In the park, everybody hikes to the top of Mount Scott, Garfield Peak, and The Watchman to ooh and aah at the splendor that is Crater Lake. However, a small volcanic subsidiary of Mount Mazama (the mountain that created Crater Lake) resides directly south of Garfield Peak and you guessed it, that small cone is Crater Peak, the topic of today’s blog post.

Little Sun Creek created a massive canyon

Beginning near Vidae Falls, a picturesque cascade on Crater Lake’s rim, the trail quickly entered a dry forest and angled to the top of Vidae Ridge. Because of the soft volcanic soil, any moving water like say, a creek, tends to cut a deep canyon and Sun Creek was no exception to that rule as flanking ridges Vidae and Greyback escorted the small creek with a large canyon off of the national park property. Since the trail contoured around the headwaters of Sun Creek, a nice view was had of the massive canyon dutifully executing its assigned task of delivering the creek into the Wood River. 

A pinesap gets ready to start its day

The trail spent most of its time in the forest so there wasn’t a lot to see in particular, other than tall trees. Pinesap, looking all the world like a yellow fungus, was sprouting forth from the forest floor and a Great Crater Peak Reef of coral fungus was likewise emerging from the duff. One other observation was that the trail was really steep, something I had forgotten about. On the way back, I ran into another hiker and his first words to me were “Man, this is a steep trail!”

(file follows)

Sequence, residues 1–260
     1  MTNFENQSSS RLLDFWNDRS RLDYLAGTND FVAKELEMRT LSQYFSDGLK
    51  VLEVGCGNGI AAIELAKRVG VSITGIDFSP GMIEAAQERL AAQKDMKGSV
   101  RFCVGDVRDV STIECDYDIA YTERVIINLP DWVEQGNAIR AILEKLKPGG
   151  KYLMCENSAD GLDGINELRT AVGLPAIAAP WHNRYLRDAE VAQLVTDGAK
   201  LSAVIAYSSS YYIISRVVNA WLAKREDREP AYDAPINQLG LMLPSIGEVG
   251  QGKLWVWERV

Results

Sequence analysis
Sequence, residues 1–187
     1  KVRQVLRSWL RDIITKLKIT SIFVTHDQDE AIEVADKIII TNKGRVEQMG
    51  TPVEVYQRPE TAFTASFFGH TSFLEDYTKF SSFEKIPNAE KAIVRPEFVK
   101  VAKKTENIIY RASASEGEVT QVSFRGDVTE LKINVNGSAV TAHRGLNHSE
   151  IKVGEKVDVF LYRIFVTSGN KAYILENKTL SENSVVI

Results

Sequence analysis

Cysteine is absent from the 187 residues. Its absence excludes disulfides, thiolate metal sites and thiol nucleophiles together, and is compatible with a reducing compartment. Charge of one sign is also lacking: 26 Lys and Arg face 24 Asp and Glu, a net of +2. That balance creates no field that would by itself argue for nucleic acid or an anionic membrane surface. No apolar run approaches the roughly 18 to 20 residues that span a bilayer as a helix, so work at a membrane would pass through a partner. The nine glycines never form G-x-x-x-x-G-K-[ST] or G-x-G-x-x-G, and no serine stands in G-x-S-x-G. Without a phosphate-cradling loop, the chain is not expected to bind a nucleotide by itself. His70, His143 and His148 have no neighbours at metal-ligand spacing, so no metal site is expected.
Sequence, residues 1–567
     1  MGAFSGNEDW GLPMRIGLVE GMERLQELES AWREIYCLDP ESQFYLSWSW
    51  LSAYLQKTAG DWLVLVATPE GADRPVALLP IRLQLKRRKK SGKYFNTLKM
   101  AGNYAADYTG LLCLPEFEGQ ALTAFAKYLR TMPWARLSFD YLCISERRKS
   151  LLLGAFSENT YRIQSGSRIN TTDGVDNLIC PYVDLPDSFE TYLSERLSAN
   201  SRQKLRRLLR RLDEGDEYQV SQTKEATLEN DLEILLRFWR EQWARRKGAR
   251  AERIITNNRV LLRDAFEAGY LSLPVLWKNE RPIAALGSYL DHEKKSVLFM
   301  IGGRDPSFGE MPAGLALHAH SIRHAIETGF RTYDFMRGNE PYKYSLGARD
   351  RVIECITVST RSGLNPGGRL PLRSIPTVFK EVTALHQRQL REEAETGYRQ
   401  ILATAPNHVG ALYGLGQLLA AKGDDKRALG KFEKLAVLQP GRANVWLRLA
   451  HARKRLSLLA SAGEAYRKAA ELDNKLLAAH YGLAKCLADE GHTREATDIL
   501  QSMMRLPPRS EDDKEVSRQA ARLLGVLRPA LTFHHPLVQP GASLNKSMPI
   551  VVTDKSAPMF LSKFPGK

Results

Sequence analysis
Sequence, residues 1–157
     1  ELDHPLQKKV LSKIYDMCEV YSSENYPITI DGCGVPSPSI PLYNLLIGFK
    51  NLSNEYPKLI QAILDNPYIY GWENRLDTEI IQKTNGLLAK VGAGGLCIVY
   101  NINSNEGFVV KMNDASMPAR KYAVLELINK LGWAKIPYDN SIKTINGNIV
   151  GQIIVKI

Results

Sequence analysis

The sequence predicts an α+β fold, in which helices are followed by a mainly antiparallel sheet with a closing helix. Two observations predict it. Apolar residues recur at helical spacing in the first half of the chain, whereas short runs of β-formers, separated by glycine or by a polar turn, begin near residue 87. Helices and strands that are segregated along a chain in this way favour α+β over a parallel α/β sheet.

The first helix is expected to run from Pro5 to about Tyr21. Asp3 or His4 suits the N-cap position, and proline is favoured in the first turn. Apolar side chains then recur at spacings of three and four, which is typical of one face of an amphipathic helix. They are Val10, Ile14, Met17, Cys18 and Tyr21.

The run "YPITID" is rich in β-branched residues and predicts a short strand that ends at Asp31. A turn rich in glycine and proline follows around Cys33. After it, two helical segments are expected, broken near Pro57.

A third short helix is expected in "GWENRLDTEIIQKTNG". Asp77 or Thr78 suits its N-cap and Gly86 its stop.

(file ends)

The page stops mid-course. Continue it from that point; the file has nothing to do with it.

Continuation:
A trail perambulates around the crater's meadowed rim

After several miles of grumbling to myself about the steep grade, the trail exited the forest and entered the large green meadow that is the summit of Crater Peak. Apparently, if you hike here in late spring, the wildflower blooms are spectacular. However, on this day the blooms were so last season, so the main focus for me were the views. 

Agency Lake glimmers in the distance

Peaks and valleys abounded and to the north, Mount Scott, Applegate Peak, and Dutton Cliff were most prominent, all sited on Crater Lake’s Rim. To the east sprawled the broad valley of Klamath Marsh underneath a sky full of puffy white clouds. To the south were Agency Lake and Union Peak. Trees were growing on the rim of Crater Peak so you couldn’t quite take in a full 360-degree panorama but a walk around the rim visually delivered the landmarks enumerated above. After a nice lollygag and lunch in the shade of a conifer, I packed up and headed back the way I came, and that was it for the hike.

Coral fungus emerges from its long nap

Sorry about making the hike description so terse but that’s what happens when you take up space ranting about everything 2020 has given us to rant about. At the time of this writing, Crater Lake National Park has been spared from the nearby Thielsen Fire but that could easily change. 
Let’s all hope the coming year will be better. 

Nature's recycler works on decomposing a fallen tree

For more photos of this hike, please visit the Flickr album.